Obituary: Geoffrey Brice

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The Independent Culture
GEOFFREY BRICE was a greatly admired Queen's Counsel, writer and academic - modest in manner, quick in intellect and fair in all his dealings. He was well known internationally in maritime law and in particular in the law of salvage.

He was educated at Magdalen College School, Brackley and University College London. He was called to the Bar by the Middle Temple in 1960, where he won a Harmsworth Scholarship and the Robert Garraway Rice Prize. In 1961 he joined chambers specialising in Admiralty law in Queen Elizabeth Buildings ("QEB") in the Middle Temple. Whereas it was usual for young tenants to sit and wait their turn for instructions, probably to act as junior or note-taker to a leading member of chambers, Brice branched out and for some years did criminal and common law work on the Oxford Circuit.

This however was not to last for long, because he was soon spotted by Admiralty solicitors looking for an able and industrious junior. Brice liked to understand at first hand that which he was required to deal with in his legal practice. Accordingly he went to sea for three weeks in the North Sea on a Hull trawler and made a lifelong friendship with the trawler skipper.

In 1979 he took silk, was appointed by the Lord Chancellor to the Panel of Wreck Commissioners and made a Lloyd's Arbitrator in salvage by the Council of Lloyd's. He was destined to become the Appeal Arbitrator in May 2000. In 1986 he was elected a Bencher of the Middle Temple.

As a QC he was involved in many of the leading High Court cases and salvage arbitrations. There was not a trace of arrogance in his character, yet if he thought his cause was right he would press to take the matter further on appeal. He was counsel in the House of Lords in the case of the Goring (whether there was a right to salvage in inland waters), in the Popi M (whether a ship was lost by scuttling or by being struck by an unidentified submarine) and in the Nagasaki Spirit (determining the type of expenses recoverable as "special compensation" where there was a threat of damage to the environment).

He was Counsel for the RNLI in the Penlee lifeboat disaster of December 1981, where the crew of both the lifeboat and the ship were lost on the Cornish coast, and in the loss of the Burtonia with three of her crew in the North Sea when the lifeboat was misdirected.

Brice had a strong sense of duty for those who suffer the results of casualties at sea. He appeared de bono with others for the Family Association (many of whose members he came to know personally) in the Formal Investigation into the loss of the bulk carrier Derbyshire in the South China Sea, with her crew of 44 men and women from Liverpool; and he appeared for the Treasury Solicitor in the investigation into the loss of the Hull trawler the Gaul. Due to the recent ability to film and investigate at depth (the Derbyshire lies in a depth of two and a half miles), both these investigations will be reopened in the new year to consider the fresh evidence. Brice would have had a keen interest in the results.

Despite this busy and engaging practice he found time in 1983 to write a definitive text book on the law of salvage (Maritime Law of Salvage). With the stranding of the oil tanker Torrey Canyon off Land's End in 1967 and later the Amoco Cadiz on the coast of Brittany, a whole new dimension had come into salvage - the need to prevent pollution following major casualties ashore or at sea irrespective of whether there was the successful salvage of property. Brice had attended the Conference of the Comite Maritime International in Montreal in 1981 and was a member of the UK Government Delegation to the International Maritime Organisation Legal Committee from 1984 to 1989.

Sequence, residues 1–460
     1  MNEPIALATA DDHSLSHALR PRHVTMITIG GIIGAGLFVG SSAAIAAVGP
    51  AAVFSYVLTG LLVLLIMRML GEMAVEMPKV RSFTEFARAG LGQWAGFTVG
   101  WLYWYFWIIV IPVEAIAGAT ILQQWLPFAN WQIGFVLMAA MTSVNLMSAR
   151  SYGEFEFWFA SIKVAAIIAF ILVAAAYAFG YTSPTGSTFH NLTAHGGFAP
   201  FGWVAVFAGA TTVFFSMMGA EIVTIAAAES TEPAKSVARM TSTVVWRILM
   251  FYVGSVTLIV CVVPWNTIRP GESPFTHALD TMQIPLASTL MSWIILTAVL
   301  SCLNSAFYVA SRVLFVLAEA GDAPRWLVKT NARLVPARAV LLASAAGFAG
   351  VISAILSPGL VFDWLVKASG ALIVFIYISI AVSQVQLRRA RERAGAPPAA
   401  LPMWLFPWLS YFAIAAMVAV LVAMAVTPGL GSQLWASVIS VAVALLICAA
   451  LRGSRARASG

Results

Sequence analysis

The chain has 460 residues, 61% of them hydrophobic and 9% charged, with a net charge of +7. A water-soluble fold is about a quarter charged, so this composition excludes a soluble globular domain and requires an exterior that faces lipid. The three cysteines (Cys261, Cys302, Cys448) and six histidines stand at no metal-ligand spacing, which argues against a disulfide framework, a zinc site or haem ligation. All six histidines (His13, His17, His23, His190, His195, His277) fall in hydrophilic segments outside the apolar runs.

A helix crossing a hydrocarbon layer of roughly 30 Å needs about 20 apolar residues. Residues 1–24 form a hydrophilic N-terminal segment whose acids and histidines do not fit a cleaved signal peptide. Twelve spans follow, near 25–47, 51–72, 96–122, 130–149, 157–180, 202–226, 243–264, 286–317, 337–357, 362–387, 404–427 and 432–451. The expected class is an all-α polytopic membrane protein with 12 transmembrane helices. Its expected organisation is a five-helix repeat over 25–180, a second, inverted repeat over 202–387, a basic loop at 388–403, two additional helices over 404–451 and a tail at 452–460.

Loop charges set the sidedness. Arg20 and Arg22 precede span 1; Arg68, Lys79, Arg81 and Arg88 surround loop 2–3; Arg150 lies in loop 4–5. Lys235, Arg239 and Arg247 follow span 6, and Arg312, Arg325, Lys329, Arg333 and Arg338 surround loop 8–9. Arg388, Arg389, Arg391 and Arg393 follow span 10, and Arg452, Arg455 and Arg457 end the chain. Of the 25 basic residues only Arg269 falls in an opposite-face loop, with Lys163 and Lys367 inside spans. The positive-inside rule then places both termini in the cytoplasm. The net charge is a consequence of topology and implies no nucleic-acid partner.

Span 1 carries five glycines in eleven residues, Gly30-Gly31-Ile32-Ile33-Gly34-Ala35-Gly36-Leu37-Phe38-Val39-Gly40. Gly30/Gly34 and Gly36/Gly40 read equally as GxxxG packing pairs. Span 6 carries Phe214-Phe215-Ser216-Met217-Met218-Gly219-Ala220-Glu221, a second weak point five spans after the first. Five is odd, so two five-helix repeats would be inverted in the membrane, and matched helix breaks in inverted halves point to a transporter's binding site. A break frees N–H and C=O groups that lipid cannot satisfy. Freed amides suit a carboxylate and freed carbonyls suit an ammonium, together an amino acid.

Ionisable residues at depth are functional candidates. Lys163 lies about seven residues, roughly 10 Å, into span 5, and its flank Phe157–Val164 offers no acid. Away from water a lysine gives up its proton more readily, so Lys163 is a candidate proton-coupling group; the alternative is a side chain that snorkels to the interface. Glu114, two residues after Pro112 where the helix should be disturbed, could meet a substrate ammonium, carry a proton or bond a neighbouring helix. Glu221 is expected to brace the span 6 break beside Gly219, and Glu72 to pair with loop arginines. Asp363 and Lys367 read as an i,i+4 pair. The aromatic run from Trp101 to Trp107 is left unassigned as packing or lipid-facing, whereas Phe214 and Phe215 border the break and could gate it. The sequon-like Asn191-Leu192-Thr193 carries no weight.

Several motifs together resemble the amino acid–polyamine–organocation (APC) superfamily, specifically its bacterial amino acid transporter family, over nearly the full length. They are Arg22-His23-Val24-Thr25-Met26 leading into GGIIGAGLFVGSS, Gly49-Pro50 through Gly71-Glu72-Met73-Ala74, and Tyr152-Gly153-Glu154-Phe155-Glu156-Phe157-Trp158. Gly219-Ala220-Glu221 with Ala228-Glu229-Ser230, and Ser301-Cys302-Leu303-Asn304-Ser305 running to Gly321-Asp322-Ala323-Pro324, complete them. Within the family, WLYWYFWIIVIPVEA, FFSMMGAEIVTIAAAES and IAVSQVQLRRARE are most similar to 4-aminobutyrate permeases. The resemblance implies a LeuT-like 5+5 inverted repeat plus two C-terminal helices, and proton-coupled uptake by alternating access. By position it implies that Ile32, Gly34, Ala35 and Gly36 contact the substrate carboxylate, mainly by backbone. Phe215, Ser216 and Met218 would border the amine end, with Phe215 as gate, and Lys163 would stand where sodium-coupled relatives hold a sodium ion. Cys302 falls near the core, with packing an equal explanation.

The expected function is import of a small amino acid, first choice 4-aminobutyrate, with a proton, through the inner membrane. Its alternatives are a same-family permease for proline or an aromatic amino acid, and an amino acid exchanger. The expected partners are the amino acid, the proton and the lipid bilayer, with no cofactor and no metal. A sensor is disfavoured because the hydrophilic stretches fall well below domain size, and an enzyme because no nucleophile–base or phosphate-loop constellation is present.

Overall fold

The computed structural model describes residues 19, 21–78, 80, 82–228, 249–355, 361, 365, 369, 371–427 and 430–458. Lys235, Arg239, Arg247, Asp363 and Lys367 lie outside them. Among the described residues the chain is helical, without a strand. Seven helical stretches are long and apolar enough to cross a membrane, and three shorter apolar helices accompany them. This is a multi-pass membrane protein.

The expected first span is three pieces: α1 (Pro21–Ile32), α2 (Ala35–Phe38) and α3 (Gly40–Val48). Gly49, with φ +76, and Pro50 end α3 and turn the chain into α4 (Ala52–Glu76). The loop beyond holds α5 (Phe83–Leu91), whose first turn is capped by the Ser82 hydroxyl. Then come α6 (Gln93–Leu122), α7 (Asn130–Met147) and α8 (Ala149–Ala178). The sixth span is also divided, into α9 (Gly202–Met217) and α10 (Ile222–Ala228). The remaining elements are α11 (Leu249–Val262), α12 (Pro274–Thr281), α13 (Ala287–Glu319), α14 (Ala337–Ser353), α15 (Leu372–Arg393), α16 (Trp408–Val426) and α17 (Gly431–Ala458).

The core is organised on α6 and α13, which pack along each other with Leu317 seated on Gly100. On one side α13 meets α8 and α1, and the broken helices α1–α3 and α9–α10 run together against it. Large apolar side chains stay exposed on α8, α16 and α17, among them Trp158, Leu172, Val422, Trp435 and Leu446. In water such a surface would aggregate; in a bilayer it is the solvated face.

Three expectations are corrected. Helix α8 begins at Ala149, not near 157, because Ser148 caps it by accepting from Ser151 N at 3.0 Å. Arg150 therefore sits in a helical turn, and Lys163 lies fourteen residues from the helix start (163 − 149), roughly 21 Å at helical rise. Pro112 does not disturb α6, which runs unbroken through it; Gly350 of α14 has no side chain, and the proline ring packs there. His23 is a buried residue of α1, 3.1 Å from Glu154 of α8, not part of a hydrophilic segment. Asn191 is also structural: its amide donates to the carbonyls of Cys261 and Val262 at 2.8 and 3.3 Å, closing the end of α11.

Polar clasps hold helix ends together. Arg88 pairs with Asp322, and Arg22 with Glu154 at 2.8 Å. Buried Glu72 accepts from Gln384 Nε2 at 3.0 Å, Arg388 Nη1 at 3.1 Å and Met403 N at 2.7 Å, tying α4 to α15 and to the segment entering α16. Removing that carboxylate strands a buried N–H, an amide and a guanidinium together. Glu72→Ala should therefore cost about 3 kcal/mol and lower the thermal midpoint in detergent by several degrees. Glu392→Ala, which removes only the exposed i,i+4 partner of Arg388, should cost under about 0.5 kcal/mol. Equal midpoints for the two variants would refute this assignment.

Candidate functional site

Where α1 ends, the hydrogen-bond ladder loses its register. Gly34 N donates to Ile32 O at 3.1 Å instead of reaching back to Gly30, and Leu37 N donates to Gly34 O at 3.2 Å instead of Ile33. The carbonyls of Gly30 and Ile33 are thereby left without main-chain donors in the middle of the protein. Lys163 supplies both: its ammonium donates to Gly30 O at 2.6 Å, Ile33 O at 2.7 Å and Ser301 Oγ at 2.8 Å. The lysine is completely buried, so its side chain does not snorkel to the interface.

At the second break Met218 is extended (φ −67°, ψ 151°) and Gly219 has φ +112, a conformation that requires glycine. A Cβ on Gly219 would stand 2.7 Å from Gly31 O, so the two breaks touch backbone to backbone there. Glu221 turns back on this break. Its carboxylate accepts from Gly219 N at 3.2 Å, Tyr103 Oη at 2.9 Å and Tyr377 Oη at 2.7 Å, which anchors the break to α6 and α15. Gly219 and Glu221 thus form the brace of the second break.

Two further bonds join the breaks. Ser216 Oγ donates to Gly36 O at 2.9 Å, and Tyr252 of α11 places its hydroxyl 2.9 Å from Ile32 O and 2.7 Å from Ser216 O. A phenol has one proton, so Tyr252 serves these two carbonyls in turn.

The result of these deliberations was the International Convention on Salvage 1989 which had as its principal objectives the safety of vessels and other property in danger and the protection of the environment. Not surprisingly Lloyd's relied upon his expertise and he became heavily involved in the drafting of the 1995 Lloyd's Standard Form of Salvage Agreement and subsequently was a major contributor to the new and simplified Lloyd's Form 2000.

Brice was also well placed to write authoritatively on the effect of the major changes brought about by the convention which he incorporated in the second edition of his work in 1993. His book displays an inquisitive mind eager to debate and discuss current questions of salvage law, if not already established by common sense or precedent.

Despite being innovative, Brice respected tradition and had a scholarly knowledge of legal maritime history stretching back to the foundation of Admiralty law in the Laws of Oleron in AD 960. He enjoyed lecturing on his chosen subject and was appointed Visiting Professor of Maritime Law at Tulane University in New Orleans in 1989 and a Visiting Lecturer at the University of Natal in 1996. In Britain and abroad he was generous with his time for pupils and students in discussion and advice when away from the rostrum.

In 1980 he was appointed a Recorder of the Crown Court and in recent years sat regularly as a Deputy High Court Judge in the Queen's Bench Division hearing a wide range of cases. In both these capacities his early days of practice on Circuit stood him in good stead.

Geoffrey James Barrington Groves Brice, barrister: born Ash, Kent 21 April 1938; called to the Bar, Middle Temple 1960, Bencher 1986; Lloyd's Arbitrator 1978-99; QC 1979; Wreck Commissioner 1979-99; Visiting Professor of Maritime Law, Tulane University 1989-99; Visiting Professor of Maritime Law, University of Natal 1996-99; married 1963 Nuala Brice (one son); died High Wycombe, Buckinghamshire 14 November 1999.

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